The state of Australian game development at Gametech 2011
Laura Parker from Gamespot AU has covered one of the panels from the two day Gametech 2011 conference which ended yesterday. The panel consisted of Tony Lawrence (general manager at 2K Marin and president of the Game Developers Association of Australia), Tom Crago (CEO at Tantalus Interactive), and Cari Callewaert (lead unity evangelist at Unity Technologies).
The panelists discussed the current state of the Australian games industry and acknowledged the hardships it has been experiencing in recent times. It's going through a lot of change and Lawrence says that it must find its direction and focus internationally. The new studios that are popping up are representing the future of the local industry, and these start-ups are embracing digital distribution and new models. Special mention was given to Halfbrick Studios and Firemint in helping the industry get to where it is now.
In relation to Firemint, Tom Crago, sees publisher acquisition as a beneficial thing for the industry. From Gamespot AU...
(Tom Crago) Of course, it's preferable when local studios create their own intellectual property and manage to stay independent," he said. "The industry should be proud of its history of making games in this country; we've been doing it for more than 30 years."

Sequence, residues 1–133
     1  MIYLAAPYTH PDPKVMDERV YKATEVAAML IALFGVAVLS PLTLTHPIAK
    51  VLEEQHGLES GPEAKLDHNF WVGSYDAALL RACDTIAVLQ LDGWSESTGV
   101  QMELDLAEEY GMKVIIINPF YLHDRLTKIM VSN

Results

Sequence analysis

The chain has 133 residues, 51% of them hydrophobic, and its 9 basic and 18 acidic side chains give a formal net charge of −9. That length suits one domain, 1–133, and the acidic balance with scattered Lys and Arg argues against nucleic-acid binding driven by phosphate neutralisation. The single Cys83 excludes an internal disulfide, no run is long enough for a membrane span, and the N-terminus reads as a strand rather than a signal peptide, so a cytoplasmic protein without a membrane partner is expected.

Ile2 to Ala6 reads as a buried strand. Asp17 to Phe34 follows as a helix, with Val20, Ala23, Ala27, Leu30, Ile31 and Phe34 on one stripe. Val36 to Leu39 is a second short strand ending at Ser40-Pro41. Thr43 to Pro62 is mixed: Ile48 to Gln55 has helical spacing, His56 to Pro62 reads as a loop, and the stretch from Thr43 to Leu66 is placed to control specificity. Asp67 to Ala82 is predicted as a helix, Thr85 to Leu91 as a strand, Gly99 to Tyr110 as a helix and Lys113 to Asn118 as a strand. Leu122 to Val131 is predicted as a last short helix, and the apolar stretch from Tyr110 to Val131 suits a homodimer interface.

Other important issues raised include the new research and development tax credit, which Crago believes is a positive step forward and will encourage further investment in the games industry. Further support is needed for the nurturing of students in the game education sector with a wider range of game related courses, internship opportunities, and cadetship schemes required. Students should be encouraged on entrepreneurship and informed on what works and what doesn't.
In a discussion on independent games development, the panelists say that the big challenge facing new developers is Game Design. They cite the lack of experience as being a real disadvantage, and while indie developers can produce quality game titles, most don't know the difference between good and bad game design and the know-how of experienced game designers. It's of a similar sentiment from Nick Haggar, Project Director at Blue Tongue Entertainment, expressed in a Kotaku AU interview a few months ago...
(Nick) "If you look at those guys who are successful in the iOS space, they are seasoned developers. They did not start by creating iOS games – they moved here because they have the experience and they know how to make games.....
I'm not sure if we’re seeing the right fragmentation with seeds breaking off from larger groups and being the genesis for experienced developers."
All in all, an interesting insight on the state of the local games industry by notable industry heads. Read all about it at Gamespot AU!